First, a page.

By Dr Oliver Tearle (Loughborough University)
In 1978, ‘Wuthering Heights’ by Kate Bush became the first song written and performed by a female artist to top the UK singles charts. At the time, Bush was still a teenager, aged nineteen years old. Her powerful pop song inspired by a classic Victorian novel struck a chord with listeners and launched her idiosyncratic and remarkable music career. There could only ever be one Kate Bush.
But what is the meaning of this romantic and haunting debut single? And what else connects Kate Bush with Emily Brontë, aside from the fact that they both wrote something called ‘Wuthering Heights’?
‘Wuthering Heights’: song meaning
The lyrics to Kate Bush’s song bear the influence of Emily Brontë’s 1847 novel Wuthering Heights, which tells of the tempestuous and doomed love affair (or affair of passion) between Catherine, or ‘Cathy’, and Heathcliff, among the wild and rugged moors of Yorkshire, England. Theirs is a wild relationship, too, and Catherine ends up marrying someone else, Edgar, when she and Heathcliff grow distant.
But then – spoiler alert! – Heathcliff runs away and comes back as a successful gentleman. Catherine falls ill following an argument with Edgar and later dies. Heathcliff dies some years later, having seen visions of Catherine.
Adopting the persona of ‘Cathy’ (usually referred to as Catherine in the book), Bush sings about the times she and Heathcliff (whose very name links him to that rugged landscape) spent frolicking on the moors together, among the elements. Curiously enough, the word ‘wuthering’, a northern English dialect word, refers to the wild windy weather in this part of the world.
Bush deftly delineates the two characters’ personalities, which are similar, but not well-matched because they are both quick to fly off the handle: Heathcliff is often angry and sullen, while Catherine is prone to jealousy. Theirs is a love-hate relationship. Heathcliff ran off so Catherine was unable to ‘possess’ him, which tells you a lot about the kind of relationship they had: one founded on primal ideas of possession and control rather than tender love.
The bridge between verse and chorus alludes to Catherine’s illness before she died: ‘losing the fight’ means losing the fight for her life, the fight against the illness that ravaged her. Indeed, Catherine dies shortly after giving birth to her (and Edgar’s) child, a daughter, who is named ‘Cathy’.
The chorus to Kate Bush’s song is more poignant than many listeners probably realise. For the ghostly Cathy may think she is at Heathcliff’s window, but it is Lockwood, another character in the novel, who witnesses her ghost at the window. Heathcliff cannot hear her and is not going to let her in.
Cathy is lonely on the other side of the grave from her lover. She has come back, even though she acknowledges Heathcliff as a cruel individual. Nevertheless, she views him as her ‘one master’ – again, summoning a relationship founded on power and control rather than mutual tenderness. She wants to grab his soul away – to pull him through to the other side with her, to take him from the land of the living to the ghostly abode of the dead where her soul has become trapped.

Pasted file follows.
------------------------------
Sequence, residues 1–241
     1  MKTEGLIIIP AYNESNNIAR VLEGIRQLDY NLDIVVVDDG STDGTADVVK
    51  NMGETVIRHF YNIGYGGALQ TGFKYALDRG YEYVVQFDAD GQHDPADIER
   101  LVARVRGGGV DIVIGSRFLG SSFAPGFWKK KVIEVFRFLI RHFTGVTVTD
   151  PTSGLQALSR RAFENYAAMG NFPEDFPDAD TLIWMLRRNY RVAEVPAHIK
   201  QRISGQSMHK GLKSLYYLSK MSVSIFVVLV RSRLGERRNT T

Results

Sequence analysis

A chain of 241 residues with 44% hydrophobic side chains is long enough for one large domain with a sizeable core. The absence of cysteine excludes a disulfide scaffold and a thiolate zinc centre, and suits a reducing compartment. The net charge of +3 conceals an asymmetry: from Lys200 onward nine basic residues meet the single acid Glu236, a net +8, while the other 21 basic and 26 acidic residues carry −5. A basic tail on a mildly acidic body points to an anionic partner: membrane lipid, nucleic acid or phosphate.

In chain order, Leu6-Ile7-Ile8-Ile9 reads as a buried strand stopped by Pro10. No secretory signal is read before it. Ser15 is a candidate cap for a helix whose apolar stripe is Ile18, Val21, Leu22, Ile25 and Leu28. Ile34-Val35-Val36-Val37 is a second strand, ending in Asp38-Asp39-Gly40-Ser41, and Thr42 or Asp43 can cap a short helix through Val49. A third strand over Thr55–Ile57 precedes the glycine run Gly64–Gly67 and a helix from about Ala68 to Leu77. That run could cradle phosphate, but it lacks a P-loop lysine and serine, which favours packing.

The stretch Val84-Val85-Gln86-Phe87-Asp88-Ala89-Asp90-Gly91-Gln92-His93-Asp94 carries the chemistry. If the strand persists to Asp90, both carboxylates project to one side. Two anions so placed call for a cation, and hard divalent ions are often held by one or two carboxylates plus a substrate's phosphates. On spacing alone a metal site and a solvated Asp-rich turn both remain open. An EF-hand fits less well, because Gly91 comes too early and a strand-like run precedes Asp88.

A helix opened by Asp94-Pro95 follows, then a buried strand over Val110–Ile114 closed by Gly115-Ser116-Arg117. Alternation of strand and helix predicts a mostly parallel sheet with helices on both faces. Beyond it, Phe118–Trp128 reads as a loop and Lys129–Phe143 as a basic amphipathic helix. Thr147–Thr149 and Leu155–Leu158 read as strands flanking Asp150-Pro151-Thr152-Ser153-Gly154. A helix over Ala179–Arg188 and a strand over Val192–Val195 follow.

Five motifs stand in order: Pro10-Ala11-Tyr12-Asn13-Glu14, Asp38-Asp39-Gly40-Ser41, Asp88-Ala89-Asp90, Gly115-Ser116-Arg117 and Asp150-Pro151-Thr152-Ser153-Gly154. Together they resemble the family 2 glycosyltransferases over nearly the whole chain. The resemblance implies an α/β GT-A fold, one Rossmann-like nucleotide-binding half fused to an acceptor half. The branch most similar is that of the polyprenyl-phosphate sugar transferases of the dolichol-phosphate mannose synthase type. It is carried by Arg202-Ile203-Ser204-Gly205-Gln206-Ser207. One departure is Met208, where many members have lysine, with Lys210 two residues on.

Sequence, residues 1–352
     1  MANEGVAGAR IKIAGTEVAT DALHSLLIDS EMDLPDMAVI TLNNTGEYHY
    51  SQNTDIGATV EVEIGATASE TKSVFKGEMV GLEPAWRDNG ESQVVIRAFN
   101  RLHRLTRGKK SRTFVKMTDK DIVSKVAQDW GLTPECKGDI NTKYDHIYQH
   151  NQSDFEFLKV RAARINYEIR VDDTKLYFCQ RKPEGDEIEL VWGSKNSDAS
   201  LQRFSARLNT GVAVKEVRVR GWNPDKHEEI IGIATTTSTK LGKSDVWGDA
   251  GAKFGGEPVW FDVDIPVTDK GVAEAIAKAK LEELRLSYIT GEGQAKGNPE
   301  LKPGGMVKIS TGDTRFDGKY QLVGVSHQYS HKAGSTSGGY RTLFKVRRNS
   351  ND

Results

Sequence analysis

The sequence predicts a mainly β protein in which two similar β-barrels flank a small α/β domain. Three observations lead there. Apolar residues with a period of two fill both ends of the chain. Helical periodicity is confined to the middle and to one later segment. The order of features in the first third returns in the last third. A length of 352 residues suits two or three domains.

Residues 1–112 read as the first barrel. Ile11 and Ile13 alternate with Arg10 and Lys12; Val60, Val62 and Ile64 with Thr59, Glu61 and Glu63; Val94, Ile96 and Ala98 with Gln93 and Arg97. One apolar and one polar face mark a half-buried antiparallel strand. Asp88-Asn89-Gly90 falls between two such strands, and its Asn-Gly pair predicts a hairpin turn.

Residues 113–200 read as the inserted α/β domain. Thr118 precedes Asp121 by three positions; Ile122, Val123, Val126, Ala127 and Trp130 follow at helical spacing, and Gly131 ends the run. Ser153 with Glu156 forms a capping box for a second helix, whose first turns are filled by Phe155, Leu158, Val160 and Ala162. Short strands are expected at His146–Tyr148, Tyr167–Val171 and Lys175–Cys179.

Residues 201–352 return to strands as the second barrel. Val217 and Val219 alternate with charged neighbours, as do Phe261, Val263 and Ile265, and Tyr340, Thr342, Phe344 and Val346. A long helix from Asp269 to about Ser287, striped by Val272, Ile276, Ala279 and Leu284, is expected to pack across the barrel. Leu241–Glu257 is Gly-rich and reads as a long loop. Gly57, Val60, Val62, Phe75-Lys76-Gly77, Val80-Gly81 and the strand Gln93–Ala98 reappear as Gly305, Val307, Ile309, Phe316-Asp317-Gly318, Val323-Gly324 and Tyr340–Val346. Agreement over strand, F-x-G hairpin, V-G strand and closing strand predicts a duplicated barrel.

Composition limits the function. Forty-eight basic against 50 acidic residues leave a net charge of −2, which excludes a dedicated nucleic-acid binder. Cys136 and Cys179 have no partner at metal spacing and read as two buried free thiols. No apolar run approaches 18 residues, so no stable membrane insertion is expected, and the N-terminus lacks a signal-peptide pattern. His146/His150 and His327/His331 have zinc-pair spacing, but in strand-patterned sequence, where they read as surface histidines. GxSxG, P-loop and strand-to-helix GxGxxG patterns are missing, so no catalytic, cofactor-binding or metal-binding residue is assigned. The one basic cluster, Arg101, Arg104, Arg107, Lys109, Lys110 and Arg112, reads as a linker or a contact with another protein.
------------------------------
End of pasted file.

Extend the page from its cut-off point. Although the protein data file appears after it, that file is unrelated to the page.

If ‘Wuthering Heights’ is a love song, it is also a ghost story – much like Emily Brontë’s original novel.
‘Wuthering Heights’: analysis
Bush’s song broke records, as we already mentioned. Female artists had topped the UK charts before, but never with a self-penned single. ‘Wuthering Heights’ was a first in British pop history.
It’s a deeply satisfying song, not least because of the way melancholy feelings vie with celebratory emotions in the chorus: Cathy believes she has come home (was Bush recalling the well-known title of Ken Loach’s 1966 film of social realism, Cathy Come Home?), her ghost trapped on the moors for twenty years. But Heathcliff will not let her in, because he doesn’t hear her.
And then there is the rather unhealthy nature of the Cathy-Heathcliff relationship in the original novel: a love that is poisoned by hate; a desire to be mastered but also to possess; a jealousy born of selfishness rather than purer devotion. All of these factors – the ‘back-story’ to ‘Wuthering Heights’, we might say – enrich the song’s lyrics and mean that we can listen to Bush’s mesmerising performance of them over and over again, finding new emotions and new depths to the song.
In Behind the Song, Michael Heatley and Spencer Leigh reveal that Kate Bush was the first performer to wear a head-mike, before everyone from Madonna to Lady Gaga and beyond would adopt one, so that she could use her hands for the memorable mimes she performs when singing ‘Wuthering Heights’. So there’s another first we owe to Bush and to ‘Wuthering Heights’.
Emily Brontë, who wrote the novel Wuthering Heights, and Kate Bush, who wrote the song ‘Wuthering Heights’, share a birthday: they were born on 30 July in, respectively, 1818 and 1958. But there was another nice link back to the Victorian era in the video of the song: Kate Bush wore a Victorian nightdress she’d purchased from a stall on the King’s Road.
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